This debut from Francis Lee is a love story between Romanian farmhand Gheorghe and farm owner’s son Johnny. It is filmed on location in Keighley, south of the Yorkshire Dales.
There is certainly nothing subtle about this film. From the opening shot Lee sets out to describe in an uncompromising way some of the poverty, hardships and brutality of farm life. Lee almost starves his characters of dialogue. The method highlights well the little world of repression in the family (Nan, Dad and son) as they battle the father’s illness and try to make the farm work.
Otto Quangel is the foreman in a coffin factory. A mechanic, he is a small cog in the apparatus of death that was the Third Reich. Quangel and his wife Anna get notification of the loss of their son at the front. Their feelings of disengagement with the regime harden into opposition. They embark on a low-level campaign of resistance, writing postcards with anti-Nazi messages and leaving them secretly in the stairwells of Berlin businesses and apartments.
Loaded with symbolism, beautiful visuals and poetic dialogue, Daughters of the Dust is captivating in parts and politically charged.
It was originally released 25 years ago, but its influence on Beyoncé’s celebrated Lemonade video last year has led to renewed interest and a reissue.
This lovingly made stop-motion animation tackles difficult realities in a straightforward way that can speak to adults and children alike. The brightly coloured models with huge heads and even huger eyes convey a remarkable range of emotion.
Dealing with trauma is not new in animations aimed at a family audience, but rarely is it done entirely without irony or metaphor or cute animals.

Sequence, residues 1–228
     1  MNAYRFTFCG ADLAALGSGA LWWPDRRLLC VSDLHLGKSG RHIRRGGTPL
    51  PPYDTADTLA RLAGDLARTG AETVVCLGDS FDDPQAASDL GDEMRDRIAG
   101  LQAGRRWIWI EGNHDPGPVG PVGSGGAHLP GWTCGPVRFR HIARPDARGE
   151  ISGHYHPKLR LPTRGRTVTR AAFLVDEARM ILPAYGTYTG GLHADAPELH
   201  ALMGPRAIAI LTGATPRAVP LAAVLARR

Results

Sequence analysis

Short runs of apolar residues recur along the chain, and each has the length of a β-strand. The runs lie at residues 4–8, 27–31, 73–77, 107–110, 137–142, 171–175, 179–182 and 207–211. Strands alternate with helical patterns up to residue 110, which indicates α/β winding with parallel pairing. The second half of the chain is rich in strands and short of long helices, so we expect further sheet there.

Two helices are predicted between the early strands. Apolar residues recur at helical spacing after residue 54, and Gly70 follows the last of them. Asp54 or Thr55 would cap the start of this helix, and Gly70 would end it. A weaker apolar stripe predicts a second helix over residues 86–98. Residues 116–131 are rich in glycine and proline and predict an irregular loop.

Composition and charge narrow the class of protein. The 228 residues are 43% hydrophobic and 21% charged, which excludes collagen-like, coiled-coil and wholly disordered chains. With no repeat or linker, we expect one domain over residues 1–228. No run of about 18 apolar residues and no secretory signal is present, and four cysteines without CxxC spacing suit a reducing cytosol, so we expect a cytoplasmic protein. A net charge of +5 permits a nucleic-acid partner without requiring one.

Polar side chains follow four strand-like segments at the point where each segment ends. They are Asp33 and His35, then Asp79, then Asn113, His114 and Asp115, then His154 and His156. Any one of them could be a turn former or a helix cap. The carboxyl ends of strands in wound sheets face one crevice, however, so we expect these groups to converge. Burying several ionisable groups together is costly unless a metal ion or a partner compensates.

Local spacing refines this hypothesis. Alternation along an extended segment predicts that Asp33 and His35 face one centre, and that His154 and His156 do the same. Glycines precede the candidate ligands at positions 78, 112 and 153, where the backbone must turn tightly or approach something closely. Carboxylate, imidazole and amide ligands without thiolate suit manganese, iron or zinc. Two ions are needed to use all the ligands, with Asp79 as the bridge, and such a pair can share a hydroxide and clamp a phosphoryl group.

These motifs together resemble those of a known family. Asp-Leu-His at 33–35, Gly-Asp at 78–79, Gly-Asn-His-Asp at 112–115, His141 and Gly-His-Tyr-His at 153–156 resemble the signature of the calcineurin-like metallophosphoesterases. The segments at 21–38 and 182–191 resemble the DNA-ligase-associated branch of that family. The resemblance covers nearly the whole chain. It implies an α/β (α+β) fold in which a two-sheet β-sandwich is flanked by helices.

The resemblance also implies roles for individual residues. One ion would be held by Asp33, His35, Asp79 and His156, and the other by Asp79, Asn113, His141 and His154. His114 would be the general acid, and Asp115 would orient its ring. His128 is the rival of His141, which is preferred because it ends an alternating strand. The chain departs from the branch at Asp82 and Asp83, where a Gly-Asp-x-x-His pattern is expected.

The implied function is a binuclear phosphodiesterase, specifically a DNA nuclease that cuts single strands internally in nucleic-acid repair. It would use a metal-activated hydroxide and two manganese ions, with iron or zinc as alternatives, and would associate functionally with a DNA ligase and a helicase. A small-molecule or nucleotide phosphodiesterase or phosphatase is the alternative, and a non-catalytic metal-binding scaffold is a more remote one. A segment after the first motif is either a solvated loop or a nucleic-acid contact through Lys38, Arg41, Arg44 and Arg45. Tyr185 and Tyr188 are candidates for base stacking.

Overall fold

This film is made up of the testimonies of 12 survivors. Each one is told in their old age, sometimes alongside pictures of them in their youths. For example, Roman Ferber recognises himself in footage of Auschwitz, a small boy in striped uniform looking through barbed wire. Others manage to recover photographs of their families.
These photos both haunt and, in a sense, orient them in their post-war lives. This is a film about the Holocaust, and about survival — how to live with such memories.
A Moving Image is an innovative account of the gentrification of Brixton. The film is a fictionalised account making use of documentary footage, photography and performance art. It begins with Nina, who is returning to the area after living in Shoreditch, east London.
The opening scenes feature the character Big Ben on a megaphone, a nod to the many political activists and religious evangelists who make the streets of Brixton so unique.
Our protagonist, Katherine, is trapped. In an arranged marriage to a weak and bitter man twice her age; in an isolated house out on the moors, where she is repeatedly advised to stay indoors; in the corseted dresses which her maid, Anna, straps her into each morning. Katherine, luminously played by Florence Pugh (who also lit up Carol Morley’s The Falling), is bored.
At a time when the Black Lives Matter movement's influence is showing in popular culture, such as hit horror film Get Out, Rhys Williams looks at the urgent relevance of black civil rights campaigner James Baldwin's words today, as presented in Raoul Peck's documentary, I Am Not Your Negro.
Raoul Peck’s new documentary film, I Am Not Your Negro, sets the words of author and civil rights activist James Baldwin’s unfinished book, Remember This House, against archive footage of the Civil Rights Movement of the 1960s.
Sprawling and epic in scope — setting in its sights the whole of the black experience in America, from slavery to the Black Lives Matter movement — it is poetic and almost romantic, yet very angry. It arrives at a time when audiences are being enthused by the anti-racism of Get Out, a more mainstream and comic movie, but just as sharp.